5. michelloui says:

    When I got divorced from my British husband after living in the UK with home for over 10 years, one of the reasons I didn’t move back to the States as my dad requested was the fear of having to deal with divorce as a single parent AND repatriation. I wanted to wait till the dust settled with my divorce. Then I eventually met another Englishman…

    • Maria says:

      Wise choice (and not just because of Englishman #2)! Either of those is hard enough to deal with singly; can you imagine a double whammy? Ugh!

  6. Sine says:

    Ha! If we go by the “hanging pictures” rule, we are doing a dismal job. Moved in in January and there are still pictures standing against the walls. And I don’t even have the “walls are hard as granite and I don’t feel like drilling a hole every time” excuse. It’s just a matter of (joint) decision making on where to actually hang the darn pictures.

    Love that you wrote about this and especially the fact that the “repat funk” will get better with the passage of time. It already has, a little bit, for us (you were the one who told me this, remember?). Regarding staying in touch with the “host culture” – can you believe I found (our realtor actually found for me) a “Friends of Southern Africa” group that has a monthly coffee morning? What are the chances of that? It’s been great meet people through that. And we had plans to send the kids back to Joburg over the summer, had it all worked out, but just can’t find any affordable flights. That is the other big let-down after expat life – no more company-paid flights!

    • Maria says:

      I can actually outdo you on the picture thing, although I’m not proud of it. There’s a lovely framed photo of the four of us in Bangkok that has been leaning against several walls (because I keep moving it out of the way) for almost six years now. There was a good reason, but I can’t remember what it is anymore. And yes, re-entry does get better little by little. And one day you wake up and the sun is shining and the birds are singing and you realize you’re okay.

      • Sine says:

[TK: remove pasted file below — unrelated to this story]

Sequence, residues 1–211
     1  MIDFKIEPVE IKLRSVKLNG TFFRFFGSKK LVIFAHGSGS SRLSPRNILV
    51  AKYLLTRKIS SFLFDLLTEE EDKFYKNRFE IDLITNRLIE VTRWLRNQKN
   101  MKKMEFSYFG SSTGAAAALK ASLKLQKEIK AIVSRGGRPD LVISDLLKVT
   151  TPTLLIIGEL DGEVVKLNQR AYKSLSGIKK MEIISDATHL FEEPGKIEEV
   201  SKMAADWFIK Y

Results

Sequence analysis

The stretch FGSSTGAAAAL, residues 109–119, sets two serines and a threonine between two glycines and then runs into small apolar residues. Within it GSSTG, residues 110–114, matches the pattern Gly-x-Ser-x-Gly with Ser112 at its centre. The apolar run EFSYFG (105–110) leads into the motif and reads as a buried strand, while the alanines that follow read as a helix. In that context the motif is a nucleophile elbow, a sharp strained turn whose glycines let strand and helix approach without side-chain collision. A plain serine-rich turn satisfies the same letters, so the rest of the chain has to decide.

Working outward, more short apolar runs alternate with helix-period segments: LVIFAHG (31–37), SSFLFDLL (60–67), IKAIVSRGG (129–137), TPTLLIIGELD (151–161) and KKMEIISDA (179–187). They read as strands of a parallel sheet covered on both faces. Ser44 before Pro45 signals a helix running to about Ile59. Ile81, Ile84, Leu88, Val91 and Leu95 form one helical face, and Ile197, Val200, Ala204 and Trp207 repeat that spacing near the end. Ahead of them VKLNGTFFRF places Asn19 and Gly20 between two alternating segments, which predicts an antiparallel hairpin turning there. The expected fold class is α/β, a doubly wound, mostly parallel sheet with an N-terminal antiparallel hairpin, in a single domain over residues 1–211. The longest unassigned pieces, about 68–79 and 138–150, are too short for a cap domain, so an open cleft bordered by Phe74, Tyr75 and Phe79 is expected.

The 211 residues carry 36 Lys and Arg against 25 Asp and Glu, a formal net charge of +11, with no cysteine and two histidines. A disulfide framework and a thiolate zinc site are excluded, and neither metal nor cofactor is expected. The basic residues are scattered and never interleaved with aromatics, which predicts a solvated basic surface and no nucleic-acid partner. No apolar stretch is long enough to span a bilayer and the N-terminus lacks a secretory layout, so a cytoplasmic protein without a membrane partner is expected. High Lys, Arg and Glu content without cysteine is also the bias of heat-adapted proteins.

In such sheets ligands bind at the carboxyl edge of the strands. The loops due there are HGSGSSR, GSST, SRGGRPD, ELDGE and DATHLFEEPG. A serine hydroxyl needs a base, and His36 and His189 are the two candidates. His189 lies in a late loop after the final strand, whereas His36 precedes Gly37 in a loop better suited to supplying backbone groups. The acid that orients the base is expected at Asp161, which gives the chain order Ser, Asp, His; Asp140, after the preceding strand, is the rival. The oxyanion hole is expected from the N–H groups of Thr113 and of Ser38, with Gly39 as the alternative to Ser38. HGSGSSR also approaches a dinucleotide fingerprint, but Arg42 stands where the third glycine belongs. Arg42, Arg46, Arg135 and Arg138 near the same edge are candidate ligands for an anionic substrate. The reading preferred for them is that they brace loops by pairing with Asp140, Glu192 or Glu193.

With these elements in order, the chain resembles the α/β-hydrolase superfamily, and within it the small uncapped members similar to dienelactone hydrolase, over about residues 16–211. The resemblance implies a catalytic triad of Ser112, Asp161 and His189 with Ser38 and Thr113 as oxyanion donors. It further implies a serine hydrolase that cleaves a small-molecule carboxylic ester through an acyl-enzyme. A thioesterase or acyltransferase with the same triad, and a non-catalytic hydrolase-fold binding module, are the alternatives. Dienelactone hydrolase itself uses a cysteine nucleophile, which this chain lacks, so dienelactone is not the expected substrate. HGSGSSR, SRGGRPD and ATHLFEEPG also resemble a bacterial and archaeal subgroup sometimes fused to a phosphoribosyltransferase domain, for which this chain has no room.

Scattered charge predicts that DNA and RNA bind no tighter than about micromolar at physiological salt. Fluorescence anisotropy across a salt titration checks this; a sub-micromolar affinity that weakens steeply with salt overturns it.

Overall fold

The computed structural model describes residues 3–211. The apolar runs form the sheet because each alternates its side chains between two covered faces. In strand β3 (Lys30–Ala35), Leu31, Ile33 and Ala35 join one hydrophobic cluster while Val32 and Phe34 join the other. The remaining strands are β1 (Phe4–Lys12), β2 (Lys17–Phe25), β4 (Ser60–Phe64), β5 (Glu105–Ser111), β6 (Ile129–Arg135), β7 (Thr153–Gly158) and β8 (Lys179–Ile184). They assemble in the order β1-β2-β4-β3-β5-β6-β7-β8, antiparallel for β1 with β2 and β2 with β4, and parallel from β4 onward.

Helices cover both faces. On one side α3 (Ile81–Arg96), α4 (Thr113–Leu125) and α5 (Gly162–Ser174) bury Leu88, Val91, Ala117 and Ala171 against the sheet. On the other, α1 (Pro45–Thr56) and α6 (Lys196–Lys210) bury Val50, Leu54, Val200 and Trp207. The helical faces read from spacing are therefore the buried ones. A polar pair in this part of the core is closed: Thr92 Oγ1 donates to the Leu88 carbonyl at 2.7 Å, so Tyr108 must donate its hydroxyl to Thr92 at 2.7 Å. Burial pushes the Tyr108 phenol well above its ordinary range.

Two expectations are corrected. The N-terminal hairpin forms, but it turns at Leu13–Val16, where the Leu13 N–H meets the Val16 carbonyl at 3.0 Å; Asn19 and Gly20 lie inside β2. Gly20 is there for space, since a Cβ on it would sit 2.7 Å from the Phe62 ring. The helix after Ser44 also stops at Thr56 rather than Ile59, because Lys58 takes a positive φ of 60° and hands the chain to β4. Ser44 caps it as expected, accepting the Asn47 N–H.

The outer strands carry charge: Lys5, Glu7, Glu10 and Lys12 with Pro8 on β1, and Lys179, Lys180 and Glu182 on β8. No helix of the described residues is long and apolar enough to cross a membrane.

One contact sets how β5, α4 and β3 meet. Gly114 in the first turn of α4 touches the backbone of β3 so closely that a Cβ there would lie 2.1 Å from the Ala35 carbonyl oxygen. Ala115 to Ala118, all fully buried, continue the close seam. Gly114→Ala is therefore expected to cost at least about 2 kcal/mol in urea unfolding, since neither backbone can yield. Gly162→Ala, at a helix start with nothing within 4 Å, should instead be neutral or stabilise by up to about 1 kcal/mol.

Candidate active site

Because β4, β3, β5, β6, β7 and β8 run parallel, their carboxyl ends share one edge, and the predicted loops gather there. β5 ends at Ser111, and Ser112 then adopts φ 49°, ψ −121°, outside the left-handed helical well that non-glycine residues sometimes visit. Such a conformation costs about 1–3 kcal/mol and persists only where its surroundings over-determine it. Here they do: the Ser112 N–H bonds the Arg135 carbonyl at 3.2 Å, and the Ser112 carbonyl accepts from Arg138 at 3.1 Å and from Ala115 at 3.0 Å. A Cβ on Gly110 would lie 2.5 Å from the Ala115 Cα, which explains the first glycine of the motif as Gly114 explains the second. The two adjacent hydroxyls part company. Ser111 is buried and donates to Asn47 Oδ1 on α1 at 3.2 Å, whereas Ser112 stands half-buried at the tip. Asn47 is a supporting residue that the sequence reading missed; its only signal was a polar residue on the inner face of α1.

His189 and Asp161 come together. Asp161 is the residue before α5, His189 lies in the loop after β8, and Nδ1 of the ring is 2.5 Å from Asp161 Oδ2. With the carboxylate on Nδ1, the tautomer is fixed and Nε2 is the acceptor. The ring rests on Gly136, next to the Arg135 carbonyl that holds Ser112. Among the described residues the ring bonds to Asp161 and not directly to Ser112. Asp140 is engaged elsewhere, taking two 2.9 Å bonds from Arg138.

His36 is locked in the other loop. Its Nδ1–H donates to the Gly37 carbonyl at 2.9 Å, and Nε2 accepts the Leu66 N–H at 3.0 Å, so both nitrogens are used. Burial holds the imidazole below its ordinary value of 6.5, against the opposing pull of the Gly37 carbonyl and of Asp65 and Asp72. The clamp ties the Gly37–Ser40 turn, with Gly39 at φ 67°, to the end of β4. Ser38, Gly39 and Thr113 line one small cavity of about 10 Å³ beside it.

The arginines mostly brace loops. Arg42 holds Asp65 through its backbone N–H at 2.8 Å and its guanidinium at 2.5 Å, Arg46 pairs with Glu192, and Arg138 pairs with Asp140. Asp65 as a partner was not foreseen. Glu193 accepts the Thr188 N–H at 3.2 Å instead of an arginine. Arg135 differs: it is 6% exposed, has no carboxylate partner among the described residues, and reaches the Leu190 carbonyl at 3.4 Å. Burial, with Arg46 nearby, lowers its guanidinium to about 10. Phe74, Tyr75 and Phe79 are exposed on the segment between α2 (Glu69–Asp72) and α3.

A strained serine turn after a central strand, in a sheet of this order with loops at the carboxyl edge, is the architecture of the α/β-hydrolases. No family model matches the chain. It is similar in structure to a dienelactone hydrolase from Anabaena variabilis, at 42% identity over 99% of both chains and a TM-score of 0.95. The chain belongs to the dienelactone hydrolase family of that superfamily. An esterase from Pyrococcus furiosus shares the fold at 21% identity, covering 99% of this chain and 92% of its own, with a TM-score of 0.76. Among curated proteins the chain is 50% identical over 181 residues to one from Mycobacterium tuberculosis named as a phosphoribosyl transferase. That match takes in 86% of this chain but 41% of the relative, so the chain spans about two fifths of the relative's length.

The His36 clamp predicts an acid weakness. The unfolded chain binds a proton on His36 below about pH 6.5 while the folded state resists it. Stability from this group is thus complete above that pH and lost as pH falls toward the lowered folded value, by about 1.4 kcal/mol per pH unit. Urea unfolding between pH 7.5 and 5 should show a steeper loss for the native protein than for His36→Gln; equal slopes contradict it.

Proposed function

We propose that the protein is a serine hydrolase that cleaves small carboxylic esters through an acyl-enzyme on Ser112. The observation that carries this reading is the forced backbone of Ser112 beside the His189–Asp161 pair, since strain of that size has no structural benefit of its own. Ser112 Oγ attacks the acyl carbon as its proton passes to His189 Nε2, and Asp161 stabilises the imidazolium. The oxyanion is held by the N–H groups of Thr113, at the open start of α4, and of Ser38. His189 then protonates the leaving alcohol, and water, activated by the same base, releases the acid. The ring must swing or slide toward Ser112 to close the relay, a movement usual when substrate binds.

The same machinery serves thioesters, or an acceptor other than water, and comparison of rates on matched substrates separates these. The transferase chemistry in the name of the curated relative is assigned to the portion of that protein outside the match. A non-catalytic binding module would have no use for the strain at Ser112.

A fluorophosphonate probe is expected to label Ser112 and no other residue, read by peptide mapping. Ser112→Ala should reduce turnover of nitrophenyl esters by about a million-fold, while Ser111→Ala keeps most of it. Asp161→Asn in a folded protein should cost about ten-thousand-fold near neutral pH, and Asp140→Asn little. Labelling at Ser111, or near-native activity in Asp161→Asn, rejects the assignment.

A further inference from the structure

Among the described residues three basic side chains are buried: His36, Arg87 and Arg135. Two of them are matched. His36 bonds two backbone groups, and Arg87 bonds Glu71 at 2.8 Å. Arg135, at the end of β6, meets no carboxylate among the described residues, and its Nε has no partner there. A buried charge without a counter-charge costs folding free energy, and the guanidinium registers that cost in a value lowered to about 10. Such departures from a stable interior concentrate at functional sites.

That gives me great comfort. Both the fact that I still have 5.5 years to surpass the world’s worst picture hanger, and that I’ll wake up one day with birds singing and sun shining realizing I’m ok. You put that beautifully, thanks!

      • Maria says:

        I forgot to mention the rainbow and butterflies.

  7. Good points, Maria, on what is often an overlooked stage in expat life. But I’m hoping you’ll write about the re-entry plan you mentioned – next post, please!

  8. Naomi Hattaway says:

    Well shared and said! We tend to put pictures up first thing and get boxes unpacked and out of the way pronto – BUT I need to get better about how much is IN those boxes! Maybe I should start purging now? 🙂

  9. Erin says:

    and… what do you do when you’re the only parent moving home? Im american, my partner is dutch, and Im thinking of moving home ..and i will not leave my child… hope can i adjust my 5 year old with new new new, English, school is super different, and oma, opa, dad, and the rest of your family wont be coming …..

    • Maria says:

      That’s a double whammy, twice as hard. Probably the cultural adjustment will be the easiest part. As for the rest, I just don’t have any experience with international separation. All I can suggest is to make sure you have a good support network back in the States. And although I know you’re worried about how your child will adjust, don’t forget to take care of your needs as well. Best of luck to you both.